Our hostel was chosen specifically for the pool that it had as we knew we would be cycling around the Angkor site and we would need cooling down after long days. This was a blessing as we were so hot and fed up from the bus ride that as soon as we checked in we jumped in. However we had to do this all with torches as the hostel had had a power cut, a slight concern but when we were chilling in the pool it really didn't matter and the power came on pretty soon after. (You learn to take things a little easier as time goes)

Our next day would be the longest cycling excursion taking the larger outer ring road bypassing the famous Angkor Wat and taking in the smaller sites. This was recommended to us in order to save the best till last. So off we set on our bikes and we stopped to buy our 3 day ticket for $40 each. As we went through the ticket checkers sold us the option to see Angkor Wat at sunrise and further afield sites of Bantrey Srei, Landmine Museum and the Butterfly Centre. It was a good deal and we set it up for the next day.

Our route would be 40km in total and we saw many temples, some of which I have listed below. The day was a great introduction into the sheer size of the area and we felt like we had our own mini adventure. Here are some of the best bits we saw.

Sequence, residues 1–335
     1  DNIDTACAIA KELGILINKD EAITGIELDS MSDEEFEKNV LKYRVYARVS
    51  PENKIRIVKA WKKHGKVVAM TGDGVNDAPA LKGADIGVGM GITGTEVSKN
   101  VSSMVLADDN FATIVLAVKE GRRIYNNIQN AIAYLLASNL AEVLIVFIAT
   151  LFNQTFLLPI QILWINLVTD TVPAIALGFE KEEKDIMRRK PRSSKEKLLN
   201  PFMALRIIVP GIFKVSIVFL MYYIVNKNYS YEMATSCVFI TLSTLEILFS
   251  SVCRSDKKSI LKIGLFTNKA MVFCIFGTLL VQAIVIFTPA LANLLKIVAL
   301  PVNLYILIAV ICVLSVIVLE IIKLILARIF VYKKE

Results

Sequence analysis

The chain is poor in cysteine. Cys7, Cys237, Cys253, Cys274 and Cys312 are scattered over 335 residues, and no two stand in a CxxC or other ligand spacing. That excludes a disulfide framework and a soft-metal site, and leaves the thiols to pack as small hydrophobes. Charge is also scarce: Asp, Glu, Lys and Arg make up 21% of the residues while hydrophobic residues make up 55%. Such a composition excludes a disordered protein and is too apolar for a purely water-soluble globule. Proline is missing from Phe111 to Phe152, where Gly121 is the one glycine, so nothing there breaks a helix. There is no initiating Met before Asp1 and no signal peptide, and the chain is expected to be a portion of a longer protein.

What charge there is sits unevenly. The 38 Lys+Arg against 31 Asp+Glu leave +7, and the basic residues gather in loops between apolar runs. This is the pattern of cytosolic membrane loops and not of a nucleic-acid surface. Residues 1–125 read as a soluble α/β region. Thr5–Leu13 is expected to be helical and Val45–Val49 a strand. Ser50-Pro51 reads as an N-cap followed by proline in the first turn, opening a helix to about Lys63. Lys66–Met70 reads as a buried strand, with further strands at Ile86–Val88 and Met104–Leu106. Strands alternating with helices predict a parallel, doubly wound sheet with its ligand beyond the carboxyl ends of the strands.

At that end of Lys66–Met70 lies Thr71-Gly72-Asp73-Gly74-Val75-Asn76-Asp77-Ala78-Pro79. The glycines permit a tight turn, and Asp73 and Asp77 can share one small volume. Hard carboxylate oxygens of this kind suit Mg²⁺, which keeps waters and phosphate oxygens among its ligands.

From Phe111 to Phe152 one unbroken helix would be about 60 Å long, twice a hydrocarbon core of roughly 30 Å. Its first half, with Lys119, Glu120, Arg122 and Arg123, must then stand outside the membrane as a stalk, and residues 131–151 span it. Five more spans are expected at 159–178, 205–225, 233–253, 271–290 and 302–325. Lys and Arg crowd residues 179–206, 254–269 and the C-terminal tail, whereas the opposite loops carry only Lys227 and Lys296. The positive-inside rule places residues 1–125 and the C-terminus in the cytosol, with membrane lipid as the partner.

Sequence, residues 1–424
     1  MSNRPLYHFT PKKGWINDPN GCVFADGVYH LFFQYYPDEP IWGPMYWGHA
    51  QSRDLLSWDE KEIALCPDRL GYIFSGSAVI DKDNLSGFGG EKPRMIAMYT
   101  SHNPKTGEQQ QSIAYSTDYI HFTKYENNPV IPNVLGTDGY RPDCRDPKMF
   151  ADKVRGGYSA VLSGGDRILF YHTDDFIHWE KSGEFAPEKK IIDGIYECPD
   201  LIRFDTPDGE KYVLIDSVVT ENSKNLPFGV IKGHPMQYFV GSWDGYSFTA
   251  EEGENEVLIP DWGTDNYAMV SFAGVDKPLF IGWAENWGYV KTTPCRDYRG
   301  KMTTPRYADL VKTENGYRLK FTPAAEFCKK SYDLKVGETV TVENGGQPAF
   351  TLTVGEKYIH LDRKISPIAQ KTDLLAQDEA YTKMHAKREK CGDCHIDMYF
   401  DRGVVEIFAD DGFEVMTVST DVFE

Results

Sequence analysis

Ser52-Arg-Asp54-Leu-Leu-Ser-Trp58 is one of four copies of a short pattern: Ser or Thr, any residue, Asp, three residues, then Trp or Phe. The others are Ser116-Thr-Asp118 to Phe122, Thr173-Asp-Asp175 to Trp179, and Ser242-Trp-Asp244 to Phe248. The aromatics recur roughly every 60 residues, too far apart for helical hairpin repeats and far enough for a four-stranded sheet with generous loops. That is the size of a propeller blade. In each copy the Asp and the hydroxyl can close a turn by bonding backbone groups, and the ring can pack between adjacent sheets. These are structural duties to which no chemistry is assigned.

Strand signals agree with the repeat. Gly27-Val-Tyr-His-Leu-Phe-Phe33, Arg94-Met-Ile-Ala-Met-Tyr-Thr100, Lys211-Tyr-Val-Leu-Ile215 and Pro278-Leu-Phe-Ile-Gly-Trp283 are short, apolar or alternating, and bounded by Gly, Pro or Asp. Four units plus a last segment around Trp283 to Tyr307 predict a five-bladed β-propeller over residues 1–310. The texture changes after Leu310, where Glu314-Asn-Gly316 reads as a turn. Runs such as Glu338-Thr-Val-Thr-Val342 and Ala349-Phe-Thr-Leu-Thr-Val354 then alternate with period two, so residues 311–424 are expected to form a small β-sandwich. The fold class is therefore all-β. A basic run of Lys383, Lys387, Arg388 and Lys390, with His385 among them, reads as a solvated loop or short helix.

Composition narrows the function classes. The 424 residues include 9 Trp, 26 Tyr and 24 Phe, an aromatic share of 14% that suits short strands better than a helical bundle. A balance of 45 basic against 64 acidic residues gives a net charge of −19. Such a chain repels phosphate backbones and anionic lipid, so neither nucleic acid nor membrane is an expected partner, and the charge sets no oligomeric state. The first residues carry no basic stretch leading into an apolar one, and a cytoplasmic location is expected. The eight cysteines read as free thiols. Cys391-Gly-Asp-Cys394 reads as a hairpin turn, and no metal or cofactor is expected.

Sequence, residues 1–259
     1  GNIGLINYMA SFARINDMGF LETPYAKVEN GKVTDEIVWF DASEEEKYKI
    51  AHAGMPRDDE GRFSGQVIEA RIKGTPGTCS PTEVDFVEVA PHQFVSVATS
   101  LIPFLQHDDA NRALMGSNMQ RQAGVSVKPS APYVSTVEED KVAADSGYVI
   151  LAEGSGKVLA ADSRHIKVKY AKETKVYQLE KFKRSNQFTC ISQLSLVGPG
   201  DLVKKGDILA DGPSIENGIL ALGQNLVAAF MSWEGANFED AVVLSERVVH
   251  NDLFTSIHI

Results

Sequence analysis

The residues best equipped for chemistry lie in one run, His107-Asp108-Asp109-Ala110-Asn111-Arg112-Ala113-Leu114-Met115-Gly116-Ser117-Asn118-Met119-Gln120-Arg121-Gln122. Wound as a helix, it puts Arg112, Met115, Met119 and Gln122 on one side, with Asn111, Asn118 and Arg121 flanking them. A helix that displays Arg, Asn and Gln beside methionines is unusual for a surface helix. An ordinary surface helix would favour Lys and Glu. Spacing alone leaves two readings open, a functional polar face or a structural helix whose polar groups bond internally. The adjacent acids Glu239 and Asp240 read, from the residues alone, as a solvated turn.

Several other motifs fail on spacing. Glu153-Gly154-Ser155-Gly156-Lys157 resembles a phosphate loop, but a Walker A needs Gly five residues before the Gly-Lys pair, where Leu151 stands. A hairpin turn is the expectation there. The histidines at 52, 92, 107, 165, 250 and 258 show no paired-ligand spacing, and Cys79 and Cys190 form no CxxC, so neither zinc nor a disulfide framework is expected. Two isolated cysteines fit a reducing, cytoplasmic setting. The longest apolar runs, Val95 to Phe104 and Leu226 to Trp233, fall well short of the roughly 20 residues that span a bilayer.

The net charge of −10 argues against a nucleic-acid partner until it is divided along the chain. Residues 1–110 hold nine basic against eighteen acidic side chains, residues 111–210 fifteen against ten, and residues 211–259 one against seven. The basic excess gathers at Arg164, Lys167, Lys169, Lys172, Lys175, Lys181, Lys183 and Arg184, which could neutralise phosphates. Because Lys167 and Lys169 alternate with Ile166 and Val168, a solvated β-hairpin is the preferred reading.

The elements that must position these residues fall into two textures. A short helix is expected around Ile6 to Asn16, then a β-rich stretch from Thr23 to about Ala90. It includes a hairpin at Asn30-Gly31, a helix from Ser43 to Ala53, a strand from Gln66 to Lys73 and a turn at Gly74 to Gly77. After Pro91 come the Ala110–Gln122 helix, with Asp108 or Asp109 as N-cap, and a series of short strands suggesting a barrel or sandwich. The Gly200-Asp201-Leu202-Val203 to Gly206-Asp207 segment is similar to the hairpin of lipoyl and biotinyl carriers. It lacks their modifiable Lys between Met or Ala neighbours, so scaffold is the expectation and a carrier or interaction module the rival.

Prasat Kraven
Bantrey Kdei with Sran Srang lake
Baray of Phreah Khan
Pre Rup
East Mebon

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This was the first site we reached which was a shrine called Prasat Kraven meaning Cardamom Sanctuary. It was small in its size and did not have many hallmarks of the famous Angkor Wat but was interesting nonetheless, mainly for the way they were able to build into the wall a almost 3D shape.

Before we left to go to the next site we were approached by locals trying to sell souvenirs and drinks, something that would be a regular occurrence throughout the trip. The little kids got the look down to a treat making it hard to say no but we knew that buying from these kids was not doing them any favours as it would essentially keep them out of school so we refrained and moved on.

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This site called Pre Rup had a more similar look to what we recognise as Angkor and we had a good walk around despite the stifling heat and also walked to the top to take in the view.

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We found Elephants at East Mebon.

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We found this at the Bantrey Kdei site and it looked straight out of Indiana Jones film.

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After our long day we ventured in Siem Reap for dinner. We must of been so tired because we can't remember where we had dinner but it was good. Later we walked the night markets but with the early start on our minds we went back to hostel and saved the batteries.